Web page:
"There are nine species of baobab trees in the world: one in mainland Africa, Adansonia digitata, (the species that can grow to the largest size and to the oldest age), six in Madagascar, and one in Australia. The mainland African baobab was named after the French botanist Michel Adanson, who described the baobab trees in Senegal."

The Palacio de Cristal nest

21/10/2020By BertieUncategorised

The Palacio de Cristal nest

A Giant bird landed in Madrid Palacio de Cristal and left a rather strange nest for us to admire.
Just by chance, we saw the most amazing exhibition this summer.
From the outside, you can see beautiful pastel colors and, as you get closer, you notice that there are enormous pink, yellow flowers.
When you come in, high branches are hiding the entrance; it makes it very intriguing.
After a corridor made out of branches, you are in an amazing space with enormous bird legs,  gigantic forsythia, palm seeds, cherry blossom, poppy, carnation, and lilies.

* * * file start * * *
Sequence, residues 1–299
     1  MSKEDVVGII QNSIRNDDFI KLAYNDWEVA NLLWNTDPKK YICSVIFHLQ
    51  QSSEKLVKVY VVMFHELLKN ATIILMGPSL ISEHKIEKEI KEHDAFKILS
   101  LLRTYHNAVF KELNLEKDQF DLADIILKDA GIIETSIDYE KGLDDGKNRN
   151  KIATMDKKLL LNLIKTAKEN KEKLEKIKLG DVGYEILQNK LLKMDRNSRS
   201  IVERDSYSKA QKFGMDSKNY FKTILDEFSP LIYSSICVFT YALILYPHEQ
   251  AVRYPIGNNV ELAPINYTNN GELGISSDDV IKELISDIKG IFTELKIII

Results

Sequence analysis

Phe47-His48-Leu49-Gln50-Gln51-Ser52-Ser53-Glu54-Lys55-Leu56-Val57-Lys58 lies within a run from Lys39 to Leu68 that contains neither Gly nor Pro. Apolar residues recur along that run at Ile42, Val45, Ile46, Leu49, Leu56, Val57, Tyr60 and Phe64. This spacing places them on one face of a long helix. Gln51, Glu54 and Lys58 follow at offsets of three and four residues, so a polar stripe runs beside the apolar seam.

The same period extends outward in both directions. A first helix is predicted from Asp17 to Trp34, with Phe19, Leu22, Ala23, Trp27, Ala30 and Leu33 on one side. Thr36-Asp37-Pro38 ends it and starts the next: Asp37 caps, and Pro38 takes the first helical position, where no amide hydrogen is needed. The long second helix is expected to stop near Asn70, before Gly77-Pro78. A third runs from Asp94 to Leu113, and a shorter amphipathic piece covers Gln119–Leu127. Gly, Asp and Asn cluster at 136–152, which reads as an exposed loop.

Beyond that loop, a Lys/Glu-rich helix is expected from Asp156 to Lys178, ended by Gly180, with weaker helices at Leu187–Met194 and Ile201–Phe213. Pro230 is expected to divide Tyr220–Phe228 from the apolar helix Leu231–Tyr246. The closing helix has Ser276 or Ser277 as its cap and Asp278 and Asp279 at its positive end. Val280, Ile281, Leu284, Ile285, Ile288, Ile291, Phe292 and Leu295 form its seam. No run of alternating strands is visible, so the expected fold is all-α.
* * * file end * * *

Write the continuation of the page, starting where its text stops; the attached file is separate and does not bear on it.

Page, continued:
Near the bronze legs, a curious man with a bird head is attracting the selfie crowd. The beautiful colors and the strange atmosphere have an unusual effect on the public.

 “I wanted to conceive Palacio de Cristal as a place for the celebration of love,” Halijaj shares.
It is the work of artists Petrit Halilaj and Alvaro Urbano.
It is will be there until February 28, 2021.

Le Jardin des Monts

15/10/2020By BertieUncategorised

Escape to le Jardin des Monts

It is Noah's Ark as Rossiniere resident called it. You have to be a good hiker to visit this enchantress garden.
Le jardin des Monts was created by two horticulturists Charlotte Landolt-Nardin and Laeticia Jacot. They shaped terraces to plant close to thirty varieties of Alpine plants based on the principles of organic agriculture. The fresh and clean mountain air is perfect for aromatic plants even for mediterranean plants.

To complement their cultures, they gather flowers and wild herbs in the surroundings of the garden.